This is a feuilleton-story in which personal data acquired through the legal process of a divorce case have been passed from a lawyers’ firm to another one, abusing of the referral fees mechanism, and used to fabricate a real case of defamation of character impacting several innocent people in two families. In fact, out of its context, a picture is just worth as any other picture especially if it is a fake put in the wrong pot of family law: zero. It had had no value and power to enable any change at all. But engagement experts and social media activists seem pretty much able to socially engineer whatsoever has the power to entertain people for ages, exploiting repetition, memes and sequel mechanisms, transforming bunches of data and stories in zero-valued goods: built upon faked evidences with arguable profitability, such stories can generate traffic and misrepresent people, products, places, events, relationships with secondary purposes, including cybercrime and political interferences. We all, no matter our level of expertise, often do not spot the weak reasoning or the lack of substance from quick readings, browsing and scanning contents through web pages and phone apps.

Is change management just a matter of changing perceptions?

Seeing is believing, and it can spoil or corrupt even a father's love - but it cannot easily change the law nor data structures we design in order to disambiguate meanings and make people more resilient in front of the risks of manipulation and deception. It is a fundamental assumption of my approach to change management that information design has a role to play.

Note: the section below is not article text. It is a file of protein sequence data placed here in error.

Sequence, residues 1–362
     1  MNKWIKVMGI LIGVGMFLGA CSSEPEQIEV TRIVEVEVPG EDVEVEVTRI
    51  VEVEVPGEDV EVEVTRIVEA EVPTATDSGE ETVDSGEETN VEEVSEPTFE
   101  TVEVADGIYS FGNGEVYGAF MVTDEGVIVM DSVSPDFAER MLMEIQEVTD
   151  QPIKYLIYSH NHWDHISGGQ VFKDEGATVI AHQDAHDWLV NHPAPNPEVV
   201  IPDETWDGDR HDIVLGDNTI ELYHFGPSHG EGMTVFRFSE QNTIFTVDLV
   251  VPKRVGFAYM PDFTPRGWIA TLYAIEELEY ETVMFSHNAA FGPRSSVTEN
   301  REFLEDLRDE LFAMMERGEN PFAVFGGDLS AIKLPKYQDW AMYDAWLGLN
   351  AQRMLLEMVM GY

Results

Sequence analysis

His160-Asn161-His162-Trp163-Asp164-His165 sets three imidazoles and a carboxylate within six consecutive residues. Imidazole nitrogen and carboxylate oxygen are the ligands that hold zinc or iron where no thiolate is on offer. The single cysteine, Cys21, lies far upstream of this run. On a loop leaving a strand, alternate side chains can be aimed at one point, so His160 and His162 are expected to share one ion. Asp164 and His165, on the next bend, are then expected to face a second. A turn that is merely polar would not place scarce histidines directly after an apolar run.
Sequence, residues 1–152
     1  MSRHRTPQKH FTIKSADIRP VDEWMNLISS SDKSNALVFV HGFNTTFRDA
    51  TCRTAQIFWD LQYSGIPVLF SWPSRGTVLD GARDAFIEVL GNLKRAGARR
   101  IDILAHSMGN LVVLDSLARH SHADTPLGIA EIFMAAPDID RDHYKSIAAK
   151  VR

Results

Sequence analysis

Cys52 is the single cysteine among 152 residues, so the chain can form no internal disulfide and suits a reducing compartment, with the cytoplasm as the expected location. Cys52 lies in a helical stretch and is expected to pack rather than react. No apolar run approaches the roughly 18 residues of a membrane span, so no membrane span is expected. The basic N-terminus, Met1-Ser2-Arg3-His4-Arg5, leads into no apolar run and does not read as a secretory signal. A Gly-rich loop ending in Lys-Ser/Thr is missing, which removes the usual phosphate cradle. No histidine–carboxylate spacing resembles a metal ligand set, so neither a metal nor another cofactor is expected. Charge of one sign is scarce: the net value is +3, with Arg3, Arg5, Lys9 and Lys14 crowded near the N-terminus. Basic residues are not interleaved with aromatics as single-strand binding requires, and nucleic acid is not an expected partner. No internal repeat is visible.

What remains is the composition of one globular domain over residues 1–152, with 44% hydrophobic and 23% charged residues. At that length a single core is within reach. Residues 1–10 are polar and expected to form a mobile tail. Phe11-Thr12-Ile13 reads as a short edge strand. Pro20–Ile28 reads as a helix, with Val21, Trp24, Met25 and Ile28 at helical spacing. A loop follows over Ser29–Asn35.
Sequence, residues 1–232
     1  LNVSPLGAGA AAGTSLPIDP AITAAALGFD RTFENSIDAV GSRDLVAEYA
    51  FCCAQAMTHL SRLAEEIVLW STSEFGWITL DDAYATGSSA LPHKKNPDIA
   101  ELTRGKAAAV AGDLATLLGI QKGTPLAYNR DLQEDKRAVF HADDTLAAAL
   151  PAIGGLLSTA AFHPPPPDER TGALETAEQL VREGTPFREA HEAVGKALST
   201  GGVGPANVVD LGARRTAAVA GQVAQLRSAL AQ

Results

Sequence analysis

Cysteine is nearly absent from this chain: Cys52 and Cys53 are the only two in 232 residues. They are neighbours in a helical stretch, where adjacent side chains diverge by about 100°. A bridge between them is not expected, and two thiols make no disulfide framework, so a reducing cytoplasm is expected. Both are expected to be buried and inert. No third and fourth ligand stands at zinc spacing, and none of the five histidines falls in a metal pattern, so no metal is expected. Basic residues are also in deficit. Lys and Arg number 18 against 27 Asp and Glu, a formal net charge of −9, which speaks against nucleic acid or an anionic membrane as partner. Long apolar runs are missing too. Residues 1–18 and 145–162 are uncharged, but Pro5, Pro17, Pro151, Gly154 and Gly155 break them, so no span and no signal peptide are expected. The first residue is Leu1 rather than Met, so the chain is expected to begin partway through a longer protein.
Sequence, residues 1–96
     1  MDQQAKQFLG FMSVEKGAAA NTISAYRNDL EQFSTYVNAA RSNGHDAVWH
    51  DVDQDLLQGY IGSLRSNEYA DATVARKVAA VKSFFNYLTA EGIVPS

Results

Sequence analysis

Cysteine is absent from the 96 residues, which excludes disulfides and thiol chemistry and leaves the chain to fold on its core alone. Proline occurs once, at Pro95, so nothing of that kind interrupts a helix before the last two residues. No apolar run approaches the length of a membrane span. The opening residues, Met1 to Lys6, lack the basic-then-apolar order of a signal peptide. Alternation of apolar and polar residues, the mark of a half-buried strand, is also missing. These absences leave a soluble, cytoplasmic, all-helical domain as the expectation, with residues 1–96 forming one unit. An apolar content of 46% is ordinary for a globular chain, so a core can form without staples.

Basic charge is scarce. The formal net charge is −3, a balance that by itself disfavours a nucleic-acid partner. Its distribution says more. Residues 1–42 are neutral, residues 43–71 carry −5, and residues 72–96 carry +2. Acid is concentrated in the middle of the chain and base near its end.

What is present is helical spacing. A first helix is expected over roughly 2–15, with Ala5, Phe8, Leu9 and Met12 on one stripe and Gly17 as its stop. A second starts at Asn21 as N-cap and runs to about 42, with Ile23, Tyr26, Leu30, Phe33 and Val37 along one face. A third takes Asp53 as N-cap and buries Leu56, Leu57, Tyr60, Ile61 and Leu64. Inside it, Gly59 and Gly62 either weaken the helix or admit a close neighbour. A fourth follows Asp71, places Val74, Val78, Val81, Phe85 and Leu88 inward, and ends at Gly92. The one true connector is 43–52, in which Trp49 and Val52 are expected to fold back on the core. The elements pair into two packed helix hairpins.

The story helped me to prepare some funny slides about my Data Project Management methodology (London, National Maritime Museum, MLA Group Meeting, 22 March 2012) choosing an unusual and little dissonant combination of languages: on one side, my speech was concentrating on concepts derived from normative, policy or procedural findings of my own practice and research on data project management. On the other, the images I chose for my presentation offered references and suggestions not particularly pertinent to the notions I was talking about but for having a special quality in that: in whatever way I tried to stretch them or to manipulate them they did not lose their original power of conveying, of representing concepts they had in their first instance or original context (I must admit, sometimes such quality of unambiguity was assured by their titles, descriptions and copyright notes) - or at least this was the prevalent opinion of the few people I showed them before making my own choices. That is to say that the images could bring to my audience more suggestions and ideas, besides what I would say during the presentation, in ways not dissonant, not distorting or conflicting with my intended messages. They would offer an array of other possible meanings.


Anyhow, we could argue for ages on the best ways in which we facilitate or prevent changes in perception for which cyber criminals are increasingly more skilled than public relations and data engineering experts! We humans, especially in some of the most developed Countries, have reached such a perfection in communication tasks and interaction skills that the languages we use have often lost their properties, impact and power to teach something outside a specific frame or context.

Most of the times our conversations and interactions risk therefore to be trapped in emotional reactions that make a zero-value game.

Post scriptum: The Legal Aid, Sentencing and Punishment of Offenders Act 2012 (LASPO) introduced a ban on referral fees in personal injury cases in England and Wales, that came into effect on 1 April 2013 although it is known that it has not stopped the unethical and now illegal practice of trading personal damages cases, very common among legal firms particularly in England. The Lake Keitele painting by Gallen-Kallela I mentioned in the suggested exercise on how to change data policies in the presentation about Data Project Management in 2012 that I quoted here is now on display in Room 41 of the National Gallery.